Broadly, tests can be divided into technical assessment or skill assessment tests. From a softer side, there are integrity tests, cognitive ability tests, personality tests, and emotional intelligence tests. One such tool is Pearson TalentLens whose assessments help you recruit and develop the best talent for your organisation with some of the best tests around communication, cognition, and personality. 

However, all of these are not silver bullets. These tests merely give you scores and the person doing the interview needs to understand what to do with the outputs of these tests.

For instance, if you are looking for a Senior VP or Director, there is no point in taking a technical assessment test because the person would already have 15-20 years of experience in the field. Asking him a technical question would only display incongruence in your hiring strategy and the output that you desire. So when you are doing testing, it is essential to understand what kind of testing you would need for somebody. 

For instance, for someone coming in for a very junior role, technical testing is essential. But it does not mean that he needs to know 100 percent of everything. Similarly, when you look at the softer personality tests, there’s no right and wrong here. It needs to be matched with the company culture. So suit your tests accordingly so that the people who join you are happy to be there.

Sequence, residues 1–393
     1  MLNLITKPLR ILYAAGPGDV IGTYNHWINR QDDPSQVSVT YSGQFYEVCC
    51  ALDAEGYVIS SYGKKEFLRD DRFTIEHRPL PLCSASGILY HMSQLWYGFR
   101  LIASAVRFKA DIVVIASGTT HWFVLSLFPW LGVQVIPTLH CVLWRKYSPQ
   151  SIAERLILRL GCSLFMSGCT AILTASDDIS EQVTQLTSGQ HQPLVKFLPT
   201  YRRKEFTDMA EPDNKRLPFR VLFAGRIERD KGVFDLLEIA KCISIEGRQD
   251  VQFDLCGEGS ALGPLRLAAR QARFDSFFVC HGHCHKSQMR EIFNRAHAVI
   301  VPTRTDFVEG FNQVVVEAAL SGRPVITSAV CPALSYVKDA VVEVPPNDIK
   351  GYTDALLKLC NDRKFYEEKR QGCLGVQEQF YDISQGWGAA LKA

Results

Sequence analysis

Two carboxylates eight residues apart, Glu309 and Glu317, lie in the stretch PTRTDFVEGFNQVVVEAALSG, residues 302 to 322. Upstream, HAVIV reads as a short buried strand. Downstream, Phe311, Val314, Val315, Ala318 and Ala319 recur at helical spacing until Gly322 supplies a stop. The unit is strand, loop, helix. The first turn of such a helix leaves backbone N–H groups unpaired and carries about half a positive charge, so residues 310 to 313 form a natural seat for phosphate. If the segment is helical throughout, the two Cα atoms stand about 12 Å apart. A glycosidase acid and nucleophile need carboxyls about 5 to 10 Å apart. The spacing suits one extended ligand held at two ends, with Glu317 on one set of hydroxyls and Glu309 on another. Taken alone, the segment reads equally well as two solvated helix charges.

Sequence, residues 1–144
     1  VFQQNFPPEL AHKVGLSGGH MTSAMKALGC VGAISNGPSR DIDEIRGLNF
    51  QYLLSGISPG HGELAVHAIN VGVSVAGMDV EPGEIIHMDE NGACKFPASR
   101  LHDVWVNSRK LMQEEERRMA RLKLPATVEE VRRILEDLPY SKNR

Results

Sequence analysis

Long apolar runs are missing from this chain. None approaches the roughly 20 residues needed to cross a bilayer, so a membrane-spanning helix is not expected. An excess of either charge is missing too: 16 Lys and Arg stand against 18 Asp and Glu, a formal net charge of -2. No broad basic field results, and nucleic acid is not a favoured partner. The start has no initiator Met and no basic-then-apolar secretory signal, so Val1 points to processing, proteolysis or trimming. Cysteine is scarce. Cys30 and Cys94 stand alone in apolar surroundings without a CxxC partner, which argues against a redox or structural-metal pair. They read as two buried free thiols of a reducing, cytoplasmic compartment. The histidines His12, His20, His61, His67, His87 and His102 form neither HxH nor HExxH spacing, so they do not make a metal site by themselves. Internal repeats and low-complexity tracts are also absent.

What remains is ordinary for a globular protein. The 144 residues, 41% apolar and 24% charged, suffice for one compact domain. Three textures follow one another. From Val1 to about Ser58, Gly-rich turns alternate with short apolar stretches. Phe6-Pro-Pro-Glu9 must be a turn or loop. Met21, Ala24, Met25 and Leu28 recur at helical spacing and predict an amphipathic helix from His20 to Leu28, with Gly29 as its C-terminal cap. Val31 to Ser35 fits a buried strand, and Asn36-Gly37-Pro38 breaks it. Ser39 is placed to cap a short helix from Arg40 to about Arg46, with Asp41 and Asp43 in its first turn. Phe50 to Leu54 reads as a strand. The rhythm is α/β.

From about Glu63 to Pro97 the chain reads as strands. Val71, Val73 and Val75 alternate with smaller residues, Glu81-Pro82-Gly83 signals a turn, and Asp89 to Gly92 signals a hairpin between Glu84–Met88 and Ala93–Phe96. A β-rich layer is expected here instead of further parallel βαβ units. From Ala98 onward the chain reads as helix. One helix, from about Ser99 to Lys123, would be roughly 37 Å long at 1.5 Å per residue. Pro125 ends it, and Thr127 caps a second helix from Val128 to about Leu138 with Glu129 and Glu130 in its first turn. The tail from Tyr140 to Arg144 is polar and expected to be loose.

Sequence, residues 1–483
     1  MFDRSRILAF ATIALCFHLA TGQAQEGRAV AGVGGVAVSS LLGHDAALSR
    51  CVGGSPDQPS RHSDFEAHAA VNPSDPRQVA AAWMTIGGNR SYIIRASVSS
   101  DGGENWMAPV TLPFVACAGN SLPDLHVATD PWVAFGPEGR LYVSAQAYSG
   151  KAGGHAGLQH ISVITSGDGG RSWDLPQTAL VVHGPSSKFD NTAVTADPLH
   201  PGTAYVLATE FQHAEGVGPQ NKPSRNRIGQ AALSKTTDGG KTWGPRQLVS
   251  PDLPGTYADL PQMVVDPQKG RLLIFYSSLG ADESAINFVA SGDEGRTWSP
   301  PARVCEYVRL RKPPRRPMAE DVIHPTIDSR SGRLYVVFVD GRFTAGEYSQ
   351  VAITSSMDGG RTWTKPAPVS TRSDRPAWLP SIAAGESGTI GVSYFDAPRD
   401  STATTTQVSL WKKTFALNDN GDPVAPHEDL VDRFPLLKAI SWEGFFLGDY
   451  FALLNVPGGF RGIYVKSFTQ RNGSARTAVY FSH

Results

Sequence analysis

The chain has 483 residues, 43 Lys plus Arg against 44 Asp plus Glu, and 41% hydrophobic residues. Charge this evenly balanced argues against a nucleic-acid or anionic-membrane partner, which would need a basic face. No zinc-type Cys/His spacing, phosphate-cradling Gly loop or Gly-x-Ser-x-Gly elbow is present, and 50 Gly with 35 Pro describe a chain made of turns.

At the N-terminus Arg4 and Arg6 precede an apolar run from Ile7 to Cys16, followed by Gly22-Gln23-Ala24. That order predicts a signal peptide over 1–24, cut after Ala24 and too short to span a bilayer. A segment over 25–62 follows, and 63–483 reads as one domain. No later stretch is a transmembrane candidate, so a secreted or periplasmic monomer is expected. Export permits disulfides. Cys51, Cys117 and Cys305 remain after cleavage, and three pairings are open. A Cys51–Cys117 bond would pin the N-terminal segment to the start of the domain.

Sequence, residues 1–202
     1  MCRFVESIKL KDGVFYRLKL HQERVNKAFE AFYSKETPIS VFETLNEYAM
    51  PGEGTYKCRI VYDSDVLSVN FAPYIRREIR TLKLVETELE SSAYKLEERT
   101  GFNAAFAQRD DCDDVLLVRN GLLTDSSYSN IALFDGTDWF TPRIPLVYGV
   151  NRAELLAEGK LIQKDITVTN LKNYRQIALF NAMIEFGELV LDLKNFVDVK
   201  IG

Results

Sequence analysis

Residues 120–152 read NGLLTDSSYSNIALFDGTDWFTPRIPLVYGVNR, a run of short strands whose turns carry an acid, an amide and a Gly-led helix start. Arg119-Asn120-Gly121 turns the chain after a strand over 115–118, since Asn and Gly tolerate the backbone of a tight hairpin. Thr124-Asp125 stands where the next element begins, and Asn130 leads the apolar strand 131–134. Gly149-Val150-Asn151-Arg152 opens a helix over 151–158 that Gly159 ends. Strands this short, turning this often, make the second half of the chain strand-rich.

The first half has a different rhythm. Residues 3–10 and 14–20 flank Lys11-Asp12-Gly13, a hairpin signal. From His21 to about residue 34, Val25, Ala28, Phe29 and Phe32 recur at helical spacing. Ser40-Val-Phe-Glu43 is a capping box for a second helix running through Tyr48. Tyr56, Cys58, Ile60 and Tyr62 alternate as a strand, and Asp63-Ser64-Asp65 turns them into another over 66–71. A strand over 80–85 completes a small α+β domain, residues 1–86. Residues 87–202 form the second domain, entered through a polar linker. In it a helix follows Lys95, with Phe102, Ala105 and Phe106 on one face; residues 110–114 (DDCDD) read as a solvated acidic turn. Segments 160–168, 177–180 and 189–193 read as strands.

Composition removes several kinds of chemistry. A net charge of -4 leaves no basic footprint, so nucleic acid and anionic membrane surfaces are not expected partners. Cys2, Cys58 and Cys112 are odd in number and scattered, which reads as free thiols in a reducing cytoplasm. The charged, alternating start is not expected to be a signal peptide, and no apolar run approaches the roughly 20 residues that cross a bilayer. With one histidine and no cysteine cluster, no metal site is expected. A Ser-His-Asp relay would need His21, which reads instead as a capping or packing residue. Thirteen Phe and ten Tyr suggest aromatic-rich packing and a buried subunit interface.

In addition, one should also remember that a JD for a role only accounts for the stated needs but unstated needs of the role amount to some 50-70%. So if you are looking for someone creative, you will depend more on the personality tests. 

Tools for testing

In the current scenarios, organizations are concerned about cheating by individuals when it comes to testing. There are various ways around it such as proctoring tools, camera setups that measure your eyes movement or facial movement. From a rudimentary sense, organizations can also do the initial homework during the interview by understanding if an individual knows about the content he will be tested on. 

Yuri mentioned that what Mahindra does is largely that for every process or skill they hire, they look at if it is something that a test would help. If a test would help and has a tangible benefit, then the organization includes it. Otherwise, they do not include the test. So if you have a better way of separating the weed from the chaff, his advice to organizations is not to spend too much time on a bundle of tests.

Ultimately, organizations should realize that just because something was working for the last 10 years, it is not necessary it will continue to work for the next 10 years. So you need to look at your joining and testing criteria to see what is relevant and what has become outdated. Look at every single test critically and see what value it is adding to you and what is the time it is taking away. Secondly, look at test scores objectively. Lastly, the better you are able to visualize the unspoken needs that are not listed in the JD, the better you will get at hiring the right fit. 

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Topics: Talent Acquisition, #Hiring